Middle East seething with anger
Added At: 2011-02-17 9:53 PM
Last Updated At: 2011-02-18 9:53 PM
CAIRO: Libyan protesters seeking to oust longtime leader Moammar Gadhafi defied a crackdown and took to the streets in four cities today on what activists have dubbed a ‘day of rage’, amid reports that at least 14 demonstrators have been killed in clashes with pro-government groups.
New York-based Human Rights Watch said Libyan internal security forces also have arrested at least 14 people. Hundreds of pro-government demonstrators also rallied in the capital, Tripoli, blocking traffic in some areas, witnesses said.
An opposition website and an anti-Gadhafi activist said unrest broke out during marches in four Libyan cities Thursday. Organisers were using social networking sites like Facebook and Twitter to call for nationwide demonstrations. “Today the Libyans broke the barrier or fear, it is a new dawn,” said Faiz Jibril, an opposition leader in exile. Opposition website Libya Al-Youm said four protesters were slain by snipers from the Internal Security Forces in the eastern city of Beyida, which had protests yesterday and today. It’s not clear when the protesters were killed.
The website also said there was a demonstration today in Benghazi, Libya’s second-Largest city.
Switzerland-based Libyan activist Fathi al-Warfali said 11 protesters were killed in Beyida on Wednesday night, and scores were wounded. He said the government dispatched Army commandos to quell the uprising.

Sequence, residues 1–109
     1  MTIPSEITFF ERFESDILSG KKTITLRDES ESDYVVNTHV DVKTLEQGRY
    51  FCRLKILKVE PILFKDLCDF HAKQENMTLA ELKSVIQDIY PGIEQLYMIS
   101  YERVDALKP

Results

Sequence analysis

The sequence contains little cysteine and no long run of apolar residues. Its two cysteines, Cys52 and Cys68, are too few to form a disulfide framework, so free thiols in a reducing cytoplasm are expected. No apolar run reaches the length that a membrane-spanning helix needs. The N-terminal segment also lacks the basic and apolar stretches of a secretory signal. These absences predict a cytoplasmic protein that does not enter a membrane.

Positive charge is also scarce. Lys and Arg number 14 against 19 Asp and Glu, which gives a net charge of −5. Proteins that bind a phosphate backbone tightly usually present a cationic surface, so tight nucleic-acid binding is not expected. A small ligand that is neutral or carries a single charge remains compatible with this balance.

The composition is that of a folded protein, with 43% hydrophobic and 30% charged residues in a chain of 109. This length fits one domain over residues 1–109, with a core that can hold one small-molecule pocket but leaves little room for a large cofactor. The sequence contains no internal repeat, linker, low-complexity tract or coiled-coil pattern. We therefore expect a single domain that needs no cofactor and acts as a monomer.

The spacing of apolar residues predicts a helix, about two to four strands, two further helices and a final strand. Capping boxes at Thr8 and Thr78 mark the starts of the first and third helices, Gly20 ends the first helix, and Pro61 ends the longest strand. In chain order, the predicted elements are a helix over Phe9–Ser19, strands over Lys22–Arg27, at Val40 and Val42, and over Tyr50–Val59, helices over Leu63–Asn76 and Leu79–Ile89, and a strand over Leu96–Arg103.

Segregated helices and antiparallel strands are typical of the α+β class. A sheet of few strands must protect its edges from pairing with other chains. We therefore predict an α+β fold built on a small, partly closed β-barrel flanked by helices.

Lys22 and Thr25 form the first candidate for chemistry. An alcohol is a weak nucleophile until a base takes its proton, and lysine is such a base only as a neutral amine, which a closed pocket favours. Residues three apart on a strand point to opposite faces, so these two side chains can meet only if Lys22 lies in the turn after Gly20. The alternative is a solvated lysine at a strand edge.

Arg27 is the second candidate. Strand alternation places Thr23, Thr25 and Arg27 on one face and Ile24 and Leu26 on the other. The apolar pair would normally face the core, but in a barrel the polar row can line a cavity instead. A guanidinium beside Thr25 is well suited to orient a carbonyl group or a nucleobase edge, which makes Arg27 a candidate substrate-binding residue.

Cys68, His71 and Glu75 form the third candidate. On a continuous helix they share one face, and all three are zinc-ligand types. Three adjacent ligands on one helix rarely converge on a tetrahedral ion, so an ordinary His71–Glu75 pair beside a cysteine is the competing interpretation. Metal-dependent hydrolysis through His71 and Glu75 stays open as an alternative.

In Manama, Army patrols and tanks locked down the capital of this tiny Gulf kingdom after riot police swinging clubs and firing tear gas smashed into demonstrators, many of them sleeping, in a pre-dawn assault today that uprooted their protest camp demanding political change. Medical officials said four people were killed.
Hours after the attack on Manama’s main Pearl Square, the military announced a ban on gatherings, saying on state TV that it had ‘key parts’ of the capital under its control.
After several days of holding back, the island nation’s Sunni rulers unleashed a heavy crackdown, trying to stamp out the first anti-government upheaval to reach the Arab states of the Gulf since the uprisings in Tunisia and Egypt.
The move was a sign of how deeply the Sunni monarchy — and other Arab regimes in the Gulf — fear the repercussions of a prolonged wave of protests, led by members of the country’s Shiite majority.
Tiny Bahrain is a pillar of Washington’s military framework in the region. It hosts the US Navy’s 5th Fleet, which is a critical counterbalance to Iran.